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The Arts' Fight Against the Opioid Crisis

OxyContin once appeared as the perfect drug. Purdue Pharma and the American Pain Society convinced medical professionals and patients alike of its total merit. Branded as the antidote to pain, OxyContin was not only benign but revolutionary. Widespread prescription led to reliance and addiction. In the United States, the surge in heroin-related fatalities began in 2010, followed by an increase in deaths caused by synthetic opioids in 2013. Today, opioid addiction ravages cities and rurality across America. The crisis also moved transnationally. According to the BBC, Scotland is the epicentre for drug overdose deaths in the UK and Europe, with opiates and opioids involved in eight out of 10 drug-related deaths in 2022. 


In the United States, the numbers are similar. Entire towns become hostage to drugs. The change comes suddenly, almost overnight. In one year, Franklin County in Massachusetts, where I lived for a few years, saw a 144 per cent increase in deaths from overdose, according to a report at the Massachusetts Health Policy Forum. 


Addressing the opioid crisis on a comprehensive level demands long-term systemic changes, including limitations on access to opioids, investment in early childhood education, and the destigmatisation of addiction. Increasing treatment options is also key. Yet, softer preventatives exist. The easiest place to stop addiction is before it starts. Here, literature, including history, and the arts, has done much work to raise awareness. 


Most prominently, Patrick Radden Keefe’s 2021 book Empire of Pain chronicles the history of the Sackler family, Purdue Pharmaceuticals, and the marketing strategies that contributed to usage and the epidemic. J.D. Vance’s 2016 memoir brought a suppressed American narrative of the cycle of working-class drug abuse to the foreground. Appalachia no longer suffered anonymously. 


In television, shows like Dopesick and Painkiller, although with fictive narratives, depict the reality of becoming an opioid addict and the desperate and near-impossible climb back to normality. In Dopesick, Michael Keaton’s character, Dr Finnix, innocently prescribes OxyContin to his patients, who are largely labourers in the coal country of West Virginia. He later becomes an addict himself. Now aware of the drug’s lethal properties, Dr Finnix experiences unbearable remorse: “These people, my people, trusted me.” Dopesick’s rendering of a family doctor’s addiction and turn against his people emboldens the indiscriminate nature of OxyContin. Opioid addiction chooses its victims blindly. It has no type.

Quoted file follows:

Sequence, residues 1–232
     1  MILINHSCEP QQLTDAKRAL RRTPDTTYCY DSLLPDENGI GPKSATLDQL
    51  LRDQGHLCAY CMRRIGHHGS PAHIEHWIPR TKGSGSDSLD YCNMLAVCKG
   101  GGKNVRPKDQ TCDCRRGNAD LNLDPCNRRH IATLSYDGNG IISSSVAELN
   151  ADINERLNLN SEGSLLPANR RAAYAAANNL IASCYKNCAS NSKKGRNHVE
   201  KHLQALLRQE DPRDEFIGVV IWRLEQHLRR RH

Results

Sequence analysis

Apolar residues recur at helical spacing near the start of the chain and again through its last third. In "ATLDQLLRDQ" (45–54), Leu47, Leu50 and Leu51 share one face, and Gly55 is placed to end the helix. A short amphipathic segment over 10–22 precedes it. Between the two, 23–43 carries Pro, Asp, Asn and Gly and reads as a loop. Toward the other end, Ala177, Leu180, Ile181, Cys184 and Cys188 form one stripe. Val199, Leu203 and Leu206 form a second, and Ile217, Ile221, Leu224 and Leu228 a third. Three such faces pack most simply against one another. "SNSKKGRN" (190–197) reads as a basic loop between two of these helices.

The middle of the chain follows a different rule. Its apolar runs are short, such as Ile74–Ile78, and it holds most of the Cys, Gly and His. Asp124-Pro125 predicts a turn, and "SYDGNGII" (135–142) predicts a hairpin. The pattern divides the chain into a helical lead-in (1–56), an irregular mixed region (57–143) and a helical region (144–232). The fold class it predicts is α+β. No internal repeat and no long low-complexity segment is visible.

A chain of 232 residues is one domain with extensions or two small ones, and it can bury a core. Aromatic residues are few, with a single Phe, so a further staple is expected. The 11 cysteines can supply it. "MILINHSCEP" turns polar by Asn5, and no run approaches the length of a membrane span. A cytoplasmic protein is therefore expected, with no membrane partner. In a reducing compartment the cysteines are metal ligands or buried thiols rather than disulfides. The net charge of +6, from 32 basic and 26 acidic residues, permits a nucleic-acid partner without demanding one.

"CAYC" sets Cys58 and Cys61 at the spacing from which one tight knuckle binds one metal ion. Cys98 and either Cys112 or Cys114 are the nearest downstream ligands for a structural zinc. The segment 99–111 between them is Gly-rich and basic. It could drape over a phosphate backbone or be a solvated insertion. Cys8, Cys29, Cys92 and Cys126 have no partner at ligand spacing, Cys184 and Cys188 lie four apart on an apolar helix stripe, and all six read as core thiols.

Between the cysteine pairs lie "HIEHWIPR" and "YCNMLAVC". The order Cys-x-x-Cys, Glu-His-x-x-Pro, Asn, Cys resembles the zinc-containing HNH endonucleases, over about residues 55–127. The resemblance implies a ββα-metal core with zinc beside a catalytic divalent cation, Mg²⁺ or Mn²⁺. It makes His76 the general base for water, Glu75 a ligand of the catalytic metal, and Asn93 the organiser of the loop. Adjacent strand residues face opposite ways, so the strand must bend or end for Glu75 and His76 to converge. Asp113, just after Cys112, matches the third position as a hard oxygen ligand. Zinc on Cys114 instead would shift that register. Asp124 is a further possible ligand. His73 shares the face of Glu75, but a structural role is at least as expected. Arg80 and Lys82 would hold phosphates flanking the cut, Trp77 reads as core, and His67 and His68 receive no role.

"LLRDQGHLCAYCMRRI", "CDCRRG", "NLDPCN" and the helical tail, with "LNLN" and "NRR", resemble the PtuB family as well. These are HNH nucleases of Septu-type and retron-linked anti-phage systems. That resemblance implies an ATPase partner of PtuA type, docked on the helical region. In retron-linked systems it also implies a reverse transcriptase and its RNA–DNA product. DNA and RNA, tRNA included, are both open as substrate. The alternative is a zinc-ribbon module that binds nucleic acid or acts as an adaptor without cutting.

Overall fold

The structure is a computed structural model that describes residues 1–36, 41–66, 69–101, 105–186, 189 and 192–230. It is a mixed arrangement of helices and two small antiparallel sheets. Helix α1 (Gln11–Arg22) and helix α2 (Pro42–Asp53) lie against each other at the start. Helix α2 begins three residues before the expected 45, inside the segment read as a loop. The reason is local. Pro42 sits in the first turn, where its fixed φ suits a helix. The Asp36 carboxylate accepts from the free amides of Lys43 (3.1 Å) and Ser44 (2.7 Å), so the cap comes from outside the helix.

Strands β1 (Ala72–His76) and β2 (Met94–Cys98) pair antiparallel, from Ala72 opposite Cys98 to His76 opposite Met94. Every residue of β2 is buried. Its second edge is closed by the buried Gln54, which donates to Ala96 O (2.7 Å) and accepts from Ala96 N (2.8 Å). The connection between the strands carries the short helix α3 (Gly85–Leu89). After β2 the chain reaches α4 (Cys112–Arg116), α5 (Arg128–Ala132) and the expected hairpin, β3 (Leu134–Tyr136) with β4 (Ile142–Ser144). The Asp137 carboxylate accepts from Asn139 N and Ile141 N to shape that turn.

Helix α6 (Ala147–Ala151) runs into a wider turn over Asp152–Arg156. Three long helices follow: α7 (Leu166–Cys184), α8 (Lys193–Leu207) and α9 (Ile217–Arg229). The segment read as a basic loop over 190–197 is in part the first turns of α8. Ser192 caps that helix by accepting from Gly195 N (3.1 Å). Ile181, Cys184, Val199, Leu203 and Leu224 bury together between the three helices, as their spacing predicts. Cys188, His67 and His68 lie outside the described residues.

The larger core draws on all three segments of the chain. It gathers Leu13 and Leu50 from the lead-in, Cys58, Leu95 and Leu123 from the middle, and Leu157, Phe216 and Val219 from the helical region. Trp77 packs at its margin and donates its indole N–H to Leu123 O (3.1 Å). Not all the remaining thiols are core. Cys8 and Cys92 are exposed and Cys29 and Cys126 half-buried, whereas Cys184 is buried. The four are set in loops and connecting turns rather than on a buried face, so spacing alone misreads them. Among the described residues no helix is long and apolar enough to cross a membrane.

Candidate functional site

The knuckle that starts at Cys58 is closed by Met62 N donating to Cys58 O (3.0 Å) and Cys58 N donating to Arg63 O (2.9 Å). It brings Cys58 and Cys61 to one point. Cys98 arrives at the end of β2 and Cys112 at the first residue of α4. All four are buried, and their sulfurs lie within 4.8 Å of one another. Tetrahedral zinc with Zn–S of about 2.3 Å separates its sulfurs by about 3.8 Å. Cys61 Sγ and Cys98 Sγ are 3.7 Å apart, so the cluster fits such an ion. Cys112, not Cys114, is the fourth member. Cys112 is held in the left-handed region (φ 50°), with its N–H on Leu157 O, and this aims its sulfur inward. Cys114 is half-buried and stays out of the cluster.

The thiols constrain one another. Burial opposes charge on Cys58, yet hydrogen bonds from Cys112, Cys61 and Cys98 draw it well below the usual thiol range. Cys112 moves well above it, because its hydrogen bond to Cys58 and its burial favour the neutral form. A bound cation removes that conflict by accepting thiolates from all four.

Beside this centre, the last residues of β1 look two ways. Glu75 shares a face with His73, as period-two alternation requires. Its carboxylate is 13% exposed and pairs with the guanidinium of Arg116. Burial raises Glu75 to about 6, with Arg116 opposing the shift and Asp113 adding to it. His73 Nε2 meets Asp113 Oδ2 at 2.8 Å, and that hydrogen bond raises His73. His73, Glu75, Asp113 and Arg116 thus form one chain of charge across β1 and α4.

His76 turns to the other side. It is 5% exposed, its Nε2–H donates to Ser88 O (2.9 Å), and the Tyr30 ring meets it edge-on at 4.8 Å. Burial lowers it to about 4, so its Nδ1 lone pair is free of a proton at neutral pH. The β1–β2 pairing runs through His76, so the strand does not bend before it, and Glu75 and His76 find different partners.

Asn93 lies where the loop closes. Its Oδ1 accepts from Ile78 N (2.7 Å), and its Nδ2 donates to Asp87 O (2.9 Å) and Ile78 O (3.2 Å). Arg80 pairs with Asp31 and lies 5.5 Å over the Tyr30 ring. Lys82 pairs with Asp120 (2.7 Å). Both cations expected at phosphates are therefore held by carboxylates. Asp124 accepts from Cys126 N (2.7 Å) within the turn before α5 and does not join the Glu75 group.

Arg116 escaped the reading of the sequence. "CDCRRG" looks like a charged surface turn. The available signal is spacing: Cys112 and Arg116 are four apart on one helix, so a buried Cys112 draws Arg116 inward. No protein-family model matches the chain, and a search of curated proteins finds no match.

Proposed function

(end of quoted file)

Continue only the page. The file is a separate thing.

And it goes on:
Dopesick also emphasises the ways families who have been affected by the crisis act against the arts. The series included scenes honouring the 2019 protest at the Guggenheim Museum in New York. Led by activist Nan Golden, protestors dropped thousands of fake OxyContin prescriptions in the art museum to punish the institution for its acceptance of donations from the Sackler family. 


Artists are not only creating impactful works, they’re also taking action. According to Pitchfork, since 2022, bands like Animal Collective and Pearl Jam have been advocating the stocking of  Naloxone — the intranasal drug that instantly reverses the effects of an opioid overdose — in concert venues across America. Recognising that live music venues often attract individuals struggling with substance abuse, these artists are pushing for measures to save lives. But this sort of preparation for the habits that often accompany concert-going is not simple. Legal, financial, and political barriers hinder the broad and immediate implementation of the drug. Debates persist over whether Naloxone’s efficacy and accessibility foster drug abuse or combat it. The recent documentary Heroin(e), which follows a judge, a fire chief, and an outreach worker addressing West Virginia’s opioid crisis, presents a convincing argument. “The only qualification for getting into long-term recovery is you have to be alive,” reports the fire chief. Every opportunity to live is an opportunity to recover. Naloxone is a valuable tool, and voices within the arts community champion its availability at locations where substance abuse is prevalent.


Folk musicians have long discussed the dangers of drug addiction in their songs. One classic is John Prine’s ‘Sam Stone’: “But the morphine eased his pain / and the grass grew round his brain.”  Others are Woody Guthrie’s ‘Cocaine Blues,’ and Neil Young’s ‘The Needle and the Damage Done’. This tradition of honest storytelling continues in the face of the opioid crisis. In his 2007 track ‘OxyContin Blues’, Steve Earle doesn’t shy away from portraying the reality of a coal miner's son's dependence on OxyContin. The introduction of the drug to the young man's life seals his fate: “Then my cousin came up from Knoxville / And he taught me a thing or two / Now I’m headed nowhere but downhill / With the OxyContin blues”. 


The proliferation of arts concerning the opioid epidemic brings into question why it is that society takes pleasure in the aesthetics of addiction. Do we give more power to enablers by consuming for enjoyment retellings of the trauma of addiction? These are queries to consider. Nevertheless, the arts emerge as a key tool in spreading awareness and humanising the plight of opioid addiction. To comprehend the nature of this critical period, engaging with these forms of artistic expression proves an essential step in the collective battle against this pervasive crisis. 


Illustration by Lauren McAndrew

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